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“Just the Facts, Ma’am”


In the 1950s, a popular, long-running TV series titled “DRAGNET” featured two, serious-as-a-heart-attack Los Angeles Police Department detectives: Sergeant Joe Friday and his partner, Officer Bill Gannon. Every week they set out to investigate and solve serious crimes in the big city. After viewing one episode, you could tell that neither of these two, steely, uber-committed police officers had a single political bone in their respective bodies. They were all about getting to and understanding the facts—the truth. And, with the facts and the full truth, they could then do the hard work to solve every otherwise difficult and confounding case.

In our modern times of partisan politics, social media and the daily news cycle, there is often very little focus on objectively examining the facts, on finding common ground and on solving many of the great problems of our day. However, the greatness of our country is demonstrated whenever we and our leaders find ways to unite and to gain principled consensus; to find the best, most practical, if imperfect, solutions to the challenging issues of our day.

So, here are some hard-to-ignore facts on an important and daunting challenge: Federal spending on entitlement programs (Social Security, Medicare, Medicaid, the Affordable Care Act) continues to grow at ever higher rates—as a percent of our gross domestic product (GDP), and as a portion of federal revenues. Also, the cost of interest payments on the national debt will rise precipitously over the coming years as large deficits continue to accrue and as artificially-low interest rates rise to market levels. Eventually, this predictable deficit spending will overwhelm the federal budget and lead to a fiscal crisis—if our national leaders fail to control the growth of spending and the cost-drivers within the system.

They say that one picture (or graph) is worth a thousand words. Well, here are 3,000 words from the CBO—the federal, nonpartisan, Congressional Budget Office.

It is instructive—and a bit alarming—to read the CBO report: The 2017 Long-Term Budget Outlook.

Here are some selected excerpts from that CBO report:

“Federal debt held by the public has ballooned over the past decade…it is projected to reach 77% of GDP by the end of this year…For comparison, such debt has averaged 40% of GDP over the past 50 years. If current laws generally remain unchanged, federal debt as a percentage of GDP would reach unprecedented levels—89% by 2027 and 150% by 2047 and will be on track to grow even larger…The burgeoning federal debt over the coming decades will have serious consequences:”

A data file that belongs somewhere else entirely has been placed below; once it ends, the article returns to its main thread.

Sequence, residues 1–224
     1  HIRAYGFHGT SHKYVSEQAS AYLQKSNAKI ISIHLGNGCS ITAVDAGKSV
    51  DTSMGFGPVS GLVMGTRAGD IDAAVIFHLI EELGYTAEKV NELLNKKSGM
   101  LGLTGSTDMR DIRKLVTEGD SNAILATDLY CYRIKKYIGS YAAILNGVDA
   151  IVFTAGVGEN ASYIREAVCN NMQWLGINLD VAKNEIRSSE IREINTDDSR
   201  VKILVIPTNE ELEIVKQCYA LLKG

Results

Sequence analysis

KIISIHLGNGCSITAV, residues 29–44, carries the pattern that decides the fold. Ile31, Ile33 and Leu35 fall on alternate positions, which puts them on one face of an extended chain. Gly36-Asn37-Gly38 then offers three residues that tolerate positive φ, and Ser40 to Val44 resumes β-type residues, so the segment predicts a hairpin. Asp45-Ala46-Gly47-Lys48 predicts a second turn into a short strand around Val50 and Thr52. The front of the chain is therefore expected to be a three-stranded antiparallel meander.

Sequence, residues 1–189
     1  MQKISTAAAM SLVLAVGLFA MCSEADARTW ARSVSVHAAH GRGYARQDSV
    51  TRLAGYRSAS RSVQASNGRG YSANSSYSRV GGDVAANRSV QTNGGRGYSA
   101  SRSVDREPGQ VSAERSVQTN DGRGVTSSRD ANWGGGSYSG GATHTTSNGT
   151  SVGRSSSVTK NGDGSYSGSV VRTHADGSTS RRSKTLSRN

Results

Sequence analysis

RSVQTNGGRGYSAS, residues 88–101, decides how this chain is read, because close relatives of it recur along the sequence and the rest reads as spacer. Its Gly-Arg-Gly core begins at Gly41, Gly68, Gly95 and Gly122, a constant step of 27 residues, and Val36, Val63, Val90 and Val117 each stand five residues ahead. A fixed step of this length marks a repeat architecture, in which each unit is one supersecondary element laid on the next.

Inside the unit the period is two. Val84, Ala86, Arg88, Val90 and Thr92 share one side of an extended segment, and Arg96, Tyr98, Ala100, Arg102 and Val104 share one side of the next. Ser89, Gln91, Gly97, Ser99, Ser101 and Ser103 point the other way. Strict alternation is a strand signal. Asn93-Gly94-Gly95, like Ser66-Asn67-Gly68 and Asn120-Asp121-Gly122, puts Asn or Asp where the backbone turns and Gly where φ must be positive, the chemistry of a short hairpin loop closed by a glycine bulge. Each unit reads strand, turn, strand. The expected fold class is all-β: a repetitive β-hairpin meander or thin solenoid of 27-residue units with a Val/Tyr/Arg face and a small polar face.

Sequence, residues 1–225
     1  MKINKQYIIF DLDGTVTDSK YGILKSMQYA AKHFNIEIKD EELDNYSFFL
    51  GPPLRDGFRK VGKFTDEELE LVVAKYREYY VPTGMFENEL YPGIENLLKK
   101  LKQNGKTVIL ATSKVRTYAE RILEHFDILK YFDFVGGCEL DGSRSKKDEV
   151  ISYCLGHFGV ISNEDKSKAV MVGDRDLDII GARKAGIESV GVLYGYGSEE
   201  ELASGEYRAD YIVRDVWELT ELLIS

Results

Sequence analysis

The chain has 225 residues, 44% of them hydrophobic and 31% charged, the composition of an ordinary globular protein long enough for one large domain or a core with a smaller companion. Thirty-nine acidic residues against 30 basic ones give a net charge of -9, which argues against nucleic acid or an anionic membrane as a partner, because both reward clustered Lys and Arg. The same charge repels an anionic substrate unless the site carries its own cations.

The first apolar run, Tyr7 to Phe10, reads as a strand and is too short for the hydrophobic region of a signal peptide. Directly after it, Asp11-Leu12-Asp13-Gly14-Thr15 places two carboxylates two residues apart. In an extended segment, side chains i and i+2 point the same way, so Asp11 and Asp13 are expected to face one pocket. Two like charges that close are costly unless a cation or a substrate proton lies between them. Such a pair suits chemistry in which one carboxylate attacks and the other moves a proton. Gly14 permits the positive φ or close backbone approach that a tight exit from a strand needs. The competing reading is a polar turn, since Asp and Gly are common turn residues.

• Reduce national savings and income in the long term;
  • Increase the government’s interest costs, putting more pressure on the rest of the budget;
  • Limit lawmakers’ ability to respond to unforeseen events: and
  • Raise the likelihood of a financial crisis”


So, what should we do about these “inconvenient facts”? Ignore them—and keep “kicking the can down the road” as long as possible, letting our children, the rising generation, deal with it? Or—should we rather expect our national leaders to be accountable, to better represent our national interests, and to actually face up to this big problem and find solutions. Finding solutions to big problems is always hard work. It involves painful trade-offs and compromise. It takes vision and political courage. It may require new approaches—greater creativity and innovation. But finding ways to agree on the right set of trade-offs, changes and system improvements will prove far less painful than facing much bigger crises down the road.

A large part of what we do in our work at HealthInsight is aimed at fundamentally transforming the national health care system in ways that provide sustainable results. HealthInsight is committed to achieving better health, better health care, and better, more efficient use of federal resources through health system transformation. And one thing seems clear: we won’t have a federal health system (i.e., Medicare, Medicaid, ACA, etc.) in the future if we don’t figure out how to successfully transform it today.

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